God Confronts Adam and Eve

Mount Calvary Church

Eutaw Street and Madison Avenue

Baltimore, Maryland

A Roman Catholic Parish of

The Ordinariate of the Chair of St. Peter

Trinity II

June 17, 2018

8:00 AM Said Mass

10:00 AM Sung Mass

Note: Sunday June 17 begins summer schedule:

One mass at 9:00 AM

Organ Prelude

Ach Gott und Herr, Johann Gottfried Walther


Praise to the Holiest in the height

There’s a wideness in God’s mercy

A mighty fortress is our God

Organ Postlude

Ach Gott, vom Himmel sieh darein, Johann Pachelbel



Ach Gott und Herr, Johann Gottfried Walther

Here is Carlos Cappellaro playing.



Praise to the Holiest in the height is an 1865 hymn by John Henry Newman (1801—1890). The hymn is a profound meditation on 1 Corinthians 15: 20-47, in which God in Christ, the second Adam, restores the world which had been lost by the sin of the first Adam. He does so by his Incarnation: his becoming human is an even higher gift than grace. In human form he undergoes the ‘double agony’ (the agony in the garden, and the suffering on the cross) which will teach and inspire, and demonstrate the power of ‘generous love’. The actions of the Incarnate God are appropriately enclosed within the ‘praise’ motif of the first and last verses.

Like the hymn Firmly I believe and truly, it forms part of The Dream of Gerontius, which describes the passage of the soul through death. It is sung by the angels as the soul approaches judgment. Jesus, who is true God and true man, undergoes for the human race the “double agony,” the one in the garden and the one on the cross. In his Discourse 16, Newman placed equal emphasis on Jesus’ Agony in the Garden and on His Crucifixion as central to understanding the work of redemption. In the garden Jesus felt the full horror and degradation of all the sins and guilt and sorrows of the world. Newman also intimates that we his brethren should learn from Him to do our share in bearing the burden of the sins of the world.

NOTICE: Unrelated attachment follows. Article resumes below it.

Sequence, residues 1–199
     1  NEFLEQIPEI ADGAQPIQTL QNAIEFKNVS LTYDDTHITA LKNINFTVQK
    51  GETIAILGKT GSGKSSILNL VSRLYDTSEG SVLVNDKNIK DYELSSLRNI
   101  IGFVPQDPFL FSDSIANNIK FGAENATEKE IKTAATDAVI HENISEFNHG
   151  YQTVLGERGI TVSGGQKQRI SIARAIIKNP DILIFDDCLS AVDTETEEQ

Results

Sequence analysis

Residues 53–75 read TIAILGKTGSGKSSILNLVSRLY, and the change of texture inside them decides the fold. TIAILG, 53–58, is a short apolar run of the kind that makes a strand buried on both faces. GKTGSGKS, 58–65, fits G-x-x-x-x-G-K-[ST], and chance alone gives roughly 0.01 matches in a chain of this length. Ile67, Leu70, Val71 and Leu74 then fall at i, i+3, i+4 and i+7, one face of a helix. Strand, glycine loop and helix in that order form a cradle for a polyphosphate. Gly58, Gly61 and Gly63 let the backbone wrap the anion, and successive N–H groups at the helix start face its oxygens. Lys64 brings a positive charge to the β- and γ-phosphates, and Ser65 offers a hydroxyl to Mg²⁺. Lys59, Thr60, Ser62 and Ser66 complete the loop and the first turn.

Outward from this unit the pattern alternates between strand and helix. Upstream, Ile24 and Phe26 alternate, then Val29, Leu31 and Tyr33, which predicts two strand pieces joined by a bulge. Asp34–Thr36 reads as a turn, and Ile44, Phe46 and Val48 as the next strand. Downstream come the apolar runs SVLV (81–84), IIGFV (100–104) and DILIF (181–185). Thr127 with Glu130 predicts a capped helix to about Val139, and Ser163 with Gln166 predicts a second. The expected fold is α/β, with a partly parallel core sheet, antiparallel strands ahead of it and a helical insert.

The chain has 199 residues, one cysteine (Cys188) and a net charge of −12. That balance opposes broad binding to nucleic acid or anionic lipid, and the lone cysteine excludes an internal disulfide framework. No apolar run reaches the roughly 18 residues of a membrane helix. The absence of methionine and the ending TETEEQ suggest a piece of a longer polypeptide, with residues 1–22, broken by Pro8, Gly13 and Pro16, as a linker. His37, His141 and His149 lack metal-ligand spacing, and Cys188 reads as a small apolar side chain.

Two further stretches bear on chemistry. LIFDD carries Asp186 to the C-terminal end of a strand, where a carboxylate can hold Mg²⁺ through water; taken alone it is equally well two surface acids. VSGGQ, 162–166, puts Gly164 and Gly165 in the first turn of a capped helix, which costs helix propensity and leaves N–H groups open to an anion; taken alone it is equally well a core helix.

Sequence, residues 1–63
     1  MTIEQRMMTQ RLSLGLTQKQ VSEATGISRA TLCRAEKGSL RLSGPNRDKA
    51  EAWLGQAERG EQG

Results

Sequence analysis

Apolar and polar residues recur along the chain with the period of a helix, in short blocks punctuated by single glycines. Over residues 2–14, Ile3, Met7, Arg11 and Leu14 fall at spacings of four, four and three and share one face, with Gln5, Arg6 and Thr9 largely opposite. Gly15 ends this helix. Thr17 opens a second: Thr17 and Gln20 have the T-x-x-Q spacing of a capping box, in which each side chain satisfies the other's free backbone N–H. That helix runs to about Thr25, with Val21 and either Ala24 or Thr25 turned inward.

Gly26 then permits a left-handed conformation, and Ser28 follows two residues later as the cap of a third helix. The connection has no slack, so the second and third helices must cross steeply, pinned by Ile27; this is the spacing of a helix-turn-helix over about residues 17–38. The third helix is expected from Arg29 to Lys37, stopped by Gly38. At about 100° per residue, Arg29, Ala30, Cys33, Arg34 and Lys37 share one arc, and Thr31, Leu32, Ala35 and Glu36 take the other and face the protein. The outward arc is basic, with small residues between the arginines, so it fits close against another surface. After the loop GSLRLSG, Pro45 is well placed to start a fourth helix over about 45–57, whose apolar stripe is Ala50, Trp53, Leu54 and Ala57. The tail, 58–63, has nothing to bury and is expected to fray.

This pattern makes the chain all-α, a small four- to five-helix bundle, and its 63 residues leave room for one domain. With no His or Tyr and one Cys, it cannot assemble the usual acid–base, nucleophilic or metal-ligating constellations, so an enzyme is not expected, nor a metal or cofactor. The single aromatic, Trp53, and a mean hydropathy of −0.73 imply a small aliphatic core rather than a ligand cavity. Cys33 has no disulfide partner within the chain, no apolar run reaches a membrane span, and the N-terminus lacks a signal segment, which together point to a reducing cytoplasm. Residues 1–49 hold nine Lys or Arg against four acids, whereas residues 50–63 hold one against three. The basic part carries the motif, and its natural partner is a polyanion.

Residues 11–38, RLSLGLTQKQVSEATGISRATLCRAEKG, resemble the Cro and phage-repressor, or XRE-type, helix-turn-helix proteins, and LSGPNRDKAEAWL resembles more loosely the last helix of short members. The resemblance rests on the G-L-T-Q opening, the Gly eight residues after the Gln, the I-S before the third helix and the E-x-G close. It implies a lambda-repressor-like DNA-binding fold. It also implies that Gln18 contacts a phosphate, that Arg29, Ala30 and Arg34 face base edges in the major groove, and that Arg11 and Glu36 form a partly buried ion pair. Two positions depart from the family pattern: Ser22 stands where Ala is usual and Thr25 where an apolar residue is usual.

Here is a large congregation singing it.

There’s a wideness in God’s mercy was written by Frederick Faber (1814—1863). He was born an Anglican and reared a strict Calvinist. After attending Oxford, he took orders as an Anglican priest and began his ministry as a rector. Influenced by his friend John Henry Newman (1801—1890) who converted from Anglicanism to Roman Catholicism in 1845, Faber also converted to Catholicism that same year.

Drawing inspiration from the hymns of John Newton, William Cowper and the Wesleys during his Anglican youth, he recognized that Roman Catholics lacked a tradition of more recent metrical hymnody in English. He took it upon himself to remedy this. By the time he died, he had contributed 150 hymns, all composed after his conversion to Roman Catholicism.

There are echoes of William Cowper in this hymn. Cowper (1731—1800), one of the hymn writers that influenced Faber during his Anglican youth, was an ardent Calvinist. His most famous hymn “God moves in a mysterious way” also has the sense that God’s sovereign power and understanding are far beyond human capabilities. Faber expresses this in stanza three: “For the love of God is broader than the measure of our mind.”

Here is a simple rendition.

A mighty fortress is our God is from the German translation of Psalm 46 by Martin Luther. Leading Catholic liturgical scholar and musician Edward Foley calls Martin Luther “a model pastoral musician… a proponent and composer of music from the people and for the people, as evidenced in his chorales.” Speaking specifically of Ein feste Burg—the German title for “A mighty fortress” – and after pages of careful analysis, Fr. Foley notes that this chorale “appears to be a paradigm of liturgical ‘people music.’” Luther’s “craft is affirmed by its ageless singability” — high praise from a Catholic scholar, indicating not only the quality of Luther’s work, but also its ecumenical popularity.

Here is Peterborough Cathedral, dedicated to the Christians of Iraq. The Arabic letter

stands for Nazarene, the Arabic name for Christians. Itis painted on their houses so that they can be recognized and martyred.



Ach Gott, vom Himmel sieh darein, Johann Pachelbel

Here is its played on a modern tracker organ, similar to ours.

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